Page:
'The candidate of change'?

Mitch McConnell
Senate Minority Leader Mitch McConnell of Ky., walks onto the stage holding a gun before speaking at the Conservative Political Action Committee annual conference in National Harbor, Md., Thursday, March 6, 2014.
Historically, incumbent congressional candidates have a strong advantage when running for re-election. They tend to have stronger name recognition, better fundraising, experience on the campaign trail, and ideally some kind of relationship with their constituents. It's why, on average, incumbents win about 90% of the time.
But there's a flip-side. Depending on the prevailing political winds, incumbents can sometimes be vulnerable to criticisms that resonate: they're "Washington insiders," who've "lost touch with the folks back home," which is why it's "time for a change."
With this in mind, Senate Minority Leader Mitch McConnell (R) is trying out a curious pitch in Kentucky, where he appears to be fending off a primary challenge with relative ease, but where a competitive general election awaits.

In her first run for federal office, Secretary of State Alison Lundergan Grimes of Lexington has already shown an ability to raise serious money and a willingness to criticize McConnell aggressively.... "It'll be a big race," McConnell conceded. But he doesn't appear worried. "She's a new face for the status quo," he said. "I'm the candidate of change who can lead a new Senate in a different direction."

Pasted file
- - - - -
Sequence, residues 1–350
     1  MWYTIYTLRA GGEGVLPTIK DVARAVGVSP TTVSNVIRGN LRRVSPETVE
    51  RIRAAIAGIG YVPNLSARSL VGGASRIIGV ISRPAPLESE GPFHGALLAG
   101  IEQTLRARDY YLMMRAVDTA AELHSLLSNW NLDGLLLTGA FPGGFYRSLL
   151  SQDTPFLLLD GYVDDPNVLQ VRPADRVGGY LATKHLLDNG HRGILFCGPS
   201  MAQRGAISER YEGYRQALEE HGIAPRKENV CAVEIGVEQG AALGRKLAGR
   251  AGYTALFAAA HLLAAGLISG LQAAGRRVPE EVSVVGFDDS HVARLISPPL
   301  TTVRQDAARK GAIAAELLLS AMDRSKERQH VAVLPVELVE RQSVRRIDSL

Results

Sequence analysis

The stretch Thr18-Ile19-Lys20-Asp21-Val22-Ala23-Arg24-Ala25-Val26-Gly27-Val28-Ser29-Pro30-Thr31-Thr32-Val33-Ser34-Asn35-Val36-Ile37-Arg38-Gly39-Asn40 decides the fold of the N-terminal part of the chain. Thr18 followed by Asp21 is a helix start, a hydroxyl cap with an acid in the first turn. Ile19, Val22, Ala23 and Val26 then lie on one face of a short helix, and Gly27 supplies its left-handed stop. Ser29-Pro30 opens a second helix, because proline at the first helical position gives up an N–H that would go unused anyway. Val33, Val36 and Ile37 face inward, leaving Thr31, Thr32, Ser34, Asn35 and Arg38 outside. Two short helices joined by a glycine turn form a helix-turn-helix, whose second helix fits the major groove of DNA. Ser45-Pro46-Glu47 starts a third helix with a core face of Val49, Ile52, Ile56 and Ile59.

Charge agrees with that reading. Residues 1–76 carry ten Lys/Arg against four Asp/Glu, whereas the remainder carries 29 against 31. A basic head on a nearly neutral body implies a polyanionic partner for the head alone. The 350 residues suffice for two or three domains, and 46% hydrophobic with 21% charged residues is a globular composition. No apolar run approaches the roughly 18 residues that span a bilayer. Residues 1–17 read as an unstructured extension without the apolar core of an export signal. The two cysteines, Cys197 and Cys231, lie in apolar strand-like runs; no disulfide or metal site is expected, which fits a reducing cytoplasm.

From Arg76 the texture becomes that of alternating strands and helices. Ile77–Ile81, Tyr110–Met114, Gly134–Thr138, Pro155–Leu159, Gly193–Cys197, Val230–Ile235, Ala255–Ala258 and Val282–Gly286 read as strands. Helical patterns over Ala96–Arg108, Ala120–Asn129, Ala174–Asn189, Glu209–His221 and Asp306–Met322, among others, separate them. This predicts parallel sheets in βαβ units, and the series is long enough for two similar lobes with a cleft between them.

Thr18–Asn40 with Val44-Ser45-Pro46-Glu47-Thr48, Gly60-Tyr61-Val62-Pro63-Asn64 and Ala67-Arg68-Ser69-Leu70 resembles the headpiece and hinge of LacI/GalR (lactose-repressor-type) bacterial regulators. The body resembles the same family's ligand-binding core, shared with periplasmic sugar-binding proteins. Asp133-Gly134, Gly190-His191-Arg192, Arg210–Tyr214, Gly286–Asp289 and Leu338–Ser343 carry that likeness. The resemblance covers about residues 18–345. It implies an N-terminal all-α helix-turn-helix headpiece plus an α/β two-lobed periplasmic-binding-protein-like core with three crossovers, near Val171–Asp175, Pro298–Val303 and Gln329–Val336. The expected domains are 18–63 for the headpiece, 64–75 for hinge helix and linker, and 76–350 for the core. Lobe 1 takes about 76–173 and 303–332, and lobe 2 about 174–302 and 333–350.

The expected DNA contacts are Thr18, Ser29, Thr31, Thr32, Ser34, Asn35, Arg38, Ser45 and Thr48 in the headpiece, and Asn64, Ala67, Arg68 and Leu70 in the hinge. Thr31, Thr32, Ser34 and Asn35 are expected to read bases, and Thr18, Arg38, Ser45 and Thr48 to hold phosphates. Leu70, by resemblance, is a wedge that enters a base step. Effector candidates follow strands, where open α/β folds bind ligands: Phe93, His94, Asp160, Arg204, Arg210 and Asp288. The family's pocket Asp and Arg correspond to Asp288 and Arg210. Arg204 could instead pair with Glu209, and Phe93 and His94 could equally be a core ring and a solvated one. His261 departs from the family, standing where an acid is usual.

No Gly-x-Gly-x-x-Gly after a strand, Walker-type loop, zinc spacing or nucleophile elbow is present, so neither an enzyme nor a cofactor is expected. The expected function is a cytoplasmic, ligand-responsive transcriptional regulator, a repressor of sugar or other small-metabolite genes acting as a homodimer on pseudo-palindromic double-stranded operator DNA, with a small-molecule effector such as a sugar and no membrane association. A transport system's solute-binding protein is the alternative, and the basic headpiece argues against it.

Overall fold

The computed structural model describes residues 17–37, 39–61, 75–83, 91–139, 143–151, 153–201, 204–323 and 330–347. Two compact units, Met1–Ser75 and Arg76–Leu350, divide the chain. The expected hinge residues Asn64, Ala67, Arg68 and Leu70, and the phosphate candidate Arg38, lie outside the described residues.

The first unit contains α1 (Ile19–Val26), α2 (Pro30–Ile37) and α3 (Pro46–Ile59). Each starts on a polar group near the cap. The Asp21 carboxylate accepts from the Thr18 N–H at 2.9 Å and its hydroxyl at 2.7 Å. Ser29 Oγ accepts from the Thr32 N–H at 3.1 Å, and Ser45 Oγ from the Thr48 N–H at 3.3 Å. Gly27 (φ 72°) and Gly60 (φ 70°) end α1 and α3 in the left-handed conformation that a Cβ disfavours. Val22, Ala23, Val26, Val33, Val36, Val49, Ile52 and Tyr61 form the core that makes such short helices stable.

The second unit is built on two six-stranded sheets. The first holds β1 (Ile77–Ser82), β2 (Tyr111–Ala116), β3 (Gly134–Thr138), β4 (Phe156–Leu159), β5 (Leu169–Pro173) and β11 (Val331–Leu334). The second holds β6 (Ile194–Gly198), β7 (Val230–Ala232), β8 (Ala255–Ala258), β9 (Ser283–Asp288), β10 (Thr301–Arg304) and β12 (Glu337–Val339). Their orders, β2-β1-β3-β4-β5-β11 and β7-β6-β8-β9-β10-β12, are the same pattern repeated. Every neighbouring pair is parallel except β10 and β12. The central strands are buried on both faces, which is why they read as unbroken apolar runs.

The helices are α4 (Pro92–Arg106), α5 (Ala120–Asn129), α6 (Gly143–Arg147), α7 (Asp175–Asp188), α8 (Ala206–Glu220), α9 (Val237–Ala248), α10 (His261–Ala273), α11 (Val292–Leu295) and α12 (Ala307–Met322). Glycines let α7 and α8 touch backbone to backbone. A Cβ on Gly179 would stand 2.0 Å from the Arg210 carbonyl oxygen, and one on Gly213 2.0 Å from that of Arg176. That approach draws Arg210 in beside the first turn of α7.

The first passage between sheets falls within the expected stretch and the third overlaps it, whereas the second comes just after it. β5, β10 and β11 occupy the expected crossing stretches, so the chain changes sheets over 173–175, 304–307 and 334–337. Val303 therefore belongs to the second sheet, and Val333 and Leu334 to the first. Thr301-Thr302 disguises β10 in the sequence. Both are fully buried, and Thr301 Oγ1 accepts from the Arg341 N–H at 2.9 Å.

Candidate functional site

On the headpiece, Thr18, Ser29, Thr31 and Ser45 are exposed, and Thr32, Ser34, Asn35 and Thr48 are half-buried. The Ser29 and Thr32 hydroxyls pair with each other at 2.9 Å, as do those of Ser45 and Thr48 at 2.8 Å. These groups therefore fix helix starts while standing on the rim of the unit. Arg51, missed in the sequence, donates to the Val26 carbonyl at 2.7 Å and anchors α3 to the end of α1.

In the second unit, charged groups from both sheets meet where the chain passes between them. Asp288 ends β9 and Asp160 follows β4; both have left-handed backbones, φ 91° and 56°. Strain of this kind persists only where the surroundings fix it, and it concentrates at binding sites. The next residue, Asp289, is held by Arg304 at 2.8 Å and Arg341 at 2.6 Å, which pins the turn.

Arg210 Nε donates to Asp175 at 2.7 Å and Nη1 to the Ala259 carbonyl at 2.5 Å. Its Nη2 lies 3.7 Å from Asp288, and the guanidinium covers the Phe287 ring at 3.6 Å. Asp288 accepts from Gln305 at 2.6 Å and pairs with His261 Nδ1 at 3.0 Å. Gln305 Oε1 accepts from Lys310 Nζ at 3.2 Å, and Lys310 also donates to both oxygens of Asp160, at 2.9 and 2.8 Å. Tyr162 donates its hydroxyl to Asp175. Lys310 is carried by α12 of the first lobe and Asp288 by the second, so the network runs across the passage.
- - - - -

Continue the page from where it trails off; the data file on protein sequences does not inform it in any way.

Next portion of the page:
Quite a few phrases come to mind when describing McConnell, but "candidate of change" isn't one of them.
The background details are not in dispute: the senator was elected 30 years ago. He's been elected to statewide office five times. McConnell is the longest serving senator in Kentucky's 222-year history.
"Candidate of change" isn't exactly one of his options.
Ordinarily, long-time incumbents, after a generation or more on Capitol Hill, prefer the opposite tack. They'll argue that Washington needs responsible statesmen (or women), with an experienced, steady hand. This is no time for a fresh face, they'll say, voters should stick with a trusted, known quantity.
But McConnell probably doesn't see much value in this pitch because his constituents probably aren't altogether thrilled with the status quo. So he's left with an awkward argument: if voters want change, they should vote for the guy first elected in 1984, who's been in office ever since. If voters want the status quo, they should vote for the young candidate seeking federal office for the first time.
It's not exactly a comfortable fit. What's more, it's a gamble -- if Kentucky's Senate race comes down to a fight over which candidate can credibly claim the mantle of "change," McConnell's in trouble.
Update: Grimes spokeswoman Charly Norton added this morning, "Mitch McConnell’s laughable rhetoric and election-year trickery will not fool voters.  Having seen McConnell’s disastrous leadership firsthand, Kentuckians know they cannot count on Mitch McConnell to lead the Commonwealth into the future."